• Topic 6: amp quot pca data principal components com wp component eigenvectors
  • Topic 7: tree decision forest random loan data julia water charts algorithm
  • Topic 8: conversion neural travel rate art ai networks learning acquisition rates
  • Topic 9: tag countries world scraping text requests html data page self
  • Topic 10: data learning use models using new like used example different
  • Topic 11: women ai data saw work services used like numbers government
  • Topic 12: model data different learning new neural word example just image
  • Topic 13: effects learning entities nlp dask data network deep entity use
  • Topic 14: learning network data neural words rate model use example vectors
  • Topic 15: random reduce bag edge tree car collect task problem nn
  • Topic 16: date student year percent data title loan people countries jobs
  • Topic 17: docker container run image kafka root s3 command jupyter directory
  • Topic 18: model data set models machine test learning user engine values
  • Topic 19: tidy dbl data country year amp squared frame function statistic

5. Most read articles of 2017

This are the Top 10 most read articles in 2017. If we extract the topics using the code above. We get the following topics on the most read articles.

  1. /blog/jupyter-zeppelin-beaker-the-rise-of-the-notebooks/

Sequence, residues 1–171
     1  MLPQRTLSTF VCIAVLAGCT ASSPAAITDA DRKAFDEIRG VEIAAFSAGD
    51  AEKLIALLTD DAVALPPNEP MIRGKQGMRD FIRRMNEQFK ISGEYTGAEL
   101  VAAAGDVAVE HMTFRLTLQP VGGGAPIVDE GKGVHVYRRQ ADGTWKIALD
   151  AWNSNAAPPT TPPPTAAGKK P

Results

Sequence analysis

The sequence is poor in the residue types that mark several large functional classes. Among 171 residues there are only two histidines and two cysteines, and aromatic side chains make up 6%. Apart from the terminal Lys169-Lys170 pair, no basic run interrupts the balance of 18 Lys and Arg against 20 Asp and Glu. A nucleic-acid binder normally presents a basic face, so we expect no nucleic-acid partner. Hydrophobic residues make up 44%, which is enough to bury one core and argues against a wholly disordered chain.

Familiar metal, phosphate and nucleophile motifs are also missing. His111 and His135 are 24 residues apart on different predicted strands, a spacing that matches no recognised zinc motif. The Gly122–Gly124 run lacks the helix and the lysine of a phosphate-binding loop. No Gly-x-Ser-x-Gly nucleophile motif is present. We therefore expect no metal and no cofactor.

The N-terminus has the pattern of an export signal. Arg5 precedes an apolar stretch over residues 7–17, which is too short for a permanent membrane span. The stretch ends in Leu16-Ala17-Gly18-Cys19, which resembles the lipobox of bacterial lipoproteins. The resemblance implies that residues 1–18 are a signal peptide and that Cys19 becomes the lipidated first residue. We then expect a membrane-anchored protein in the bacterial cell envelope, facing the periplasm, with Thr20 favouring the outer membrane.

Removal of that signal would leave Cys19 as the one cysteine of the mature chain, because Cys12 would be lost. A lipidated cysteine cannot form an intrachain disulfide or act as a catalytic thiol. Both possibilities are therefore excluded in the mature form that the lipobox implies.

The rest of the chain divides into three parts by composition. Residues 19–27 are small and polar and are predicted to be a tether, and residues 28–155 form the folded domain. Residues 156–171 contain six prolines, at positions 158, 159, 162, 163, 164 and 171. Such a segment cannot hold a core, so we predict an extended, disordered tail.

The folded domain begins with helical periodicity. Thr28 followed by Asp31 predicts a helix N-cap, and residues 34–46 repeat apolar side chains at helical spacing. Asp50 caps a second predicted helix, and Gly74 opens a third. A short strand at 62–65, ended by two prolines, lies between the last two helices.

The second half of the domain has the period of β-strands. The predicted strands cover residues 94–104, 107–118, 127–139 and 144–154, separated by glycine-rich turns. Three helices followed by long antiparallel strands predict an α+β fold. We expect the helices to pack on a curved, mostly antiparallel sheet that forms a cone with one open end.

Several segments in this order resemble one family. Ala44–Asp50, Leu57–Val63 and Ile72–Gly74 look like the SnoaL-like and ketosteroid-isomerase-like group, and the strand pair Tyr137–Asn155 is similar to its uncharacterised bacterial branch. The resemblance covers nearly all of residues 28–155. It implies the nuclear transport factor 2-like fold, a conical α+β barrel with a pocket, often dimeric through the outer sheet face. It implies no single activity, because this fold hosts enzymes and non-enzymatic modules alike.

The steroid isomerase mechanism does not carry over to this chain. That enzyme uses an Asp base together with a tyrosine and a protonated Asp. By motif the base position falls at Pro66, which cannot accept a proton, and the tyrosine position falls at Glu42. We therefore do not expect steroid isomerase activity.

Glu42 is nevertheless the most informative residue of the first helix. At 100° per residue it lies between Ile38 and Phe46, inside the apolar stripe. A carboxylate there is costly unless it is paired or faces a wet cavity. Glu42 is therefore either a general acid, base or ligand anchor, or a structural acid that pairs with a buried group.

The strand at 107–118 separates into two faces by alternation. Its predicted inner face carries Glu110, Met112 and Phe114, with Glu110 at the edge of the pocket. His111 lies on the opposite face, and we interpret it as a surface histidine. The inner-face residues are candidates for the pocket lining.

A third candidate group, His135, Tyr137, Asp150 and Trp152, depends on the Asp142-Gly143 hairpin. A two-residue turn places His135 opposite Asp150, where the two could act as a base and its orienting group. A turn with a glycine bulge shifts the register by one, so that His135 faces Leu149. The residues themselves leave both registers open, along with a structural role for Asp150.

2. /blog/riding-on-large-data-with-scikit-learn/
  3. /blog/implementing-a-neural-network-from-scratch-in-python-an-introduction/
  4. /blog/whats-difference-artificial-intelligence-machine-learning-deep-learning-ai
  5. /blog/how-to-build-a-fake-news-classification-model/
  6. /blog/whats-difference-artificial-intelligence-machine-learning-deep-learning-ai/
  7. /blog/what-is-the-blockchain-and-why-is-it-so-important/
  8. /blog/an-introduction-to-object-oriented-data-science-in-python/
  9. /blog/r-or-python-for-data-science/
  10. /blog/implementing-a-cnn-for-text-classification-in-tensorflow/

If we use the top 30 articles of 2017, and set the number of topics to 10, we get:

  • Topic 0: python used learning set community classification machine trained use make
  • Topic 1: network neural representation learning layer model size training input use
  • Topic 2: feature time dataset pooling network learning convolutional missing level performance
  • Topic 3: learning deep neural model network ai layer machine classification feature
  • Topic 4: learning models network systems labeled representation like generative based responses
  • Topic 5: learning time python like ai model machine real work used
  • Topic 6: probability rain ai bayesian answer interpretation algorithms problem bayes inference
  • Topic 7: network neural model layer input language use output training convolutional
  • Topic 8: learning feature network deep image layer figure neural pooling ai
  • Topic 9: python notebook class self code science scala object language notebooks


The next blogpost we will explore dynamic topic modeling, exciting, eh? Stay tuned.


Diego Arenas

Diego Arenas, ODSC

I've worked in BI, DWH, and Data Mining. MSc in Data Science. Experience in multiple BI and Data Science tools always thinking how to solve information needs and add value to organisations from the data available. Experience with Business Objects, Pentaho, Informatica Power Center, SSAS, SSIS, SSRS, MS SQL Server from 2000 to 2017, and other DBMS, Tableau, Hadoop, Python, R, SQL. Predicting modelling. My interest are in Information Systems, Data Modeling, Predictive and Descriptive Analysis, Machine Learning, Data Visualization, Open Data. Specialties: Data modeling, data warehousing, data mining, performance management, business intelligence.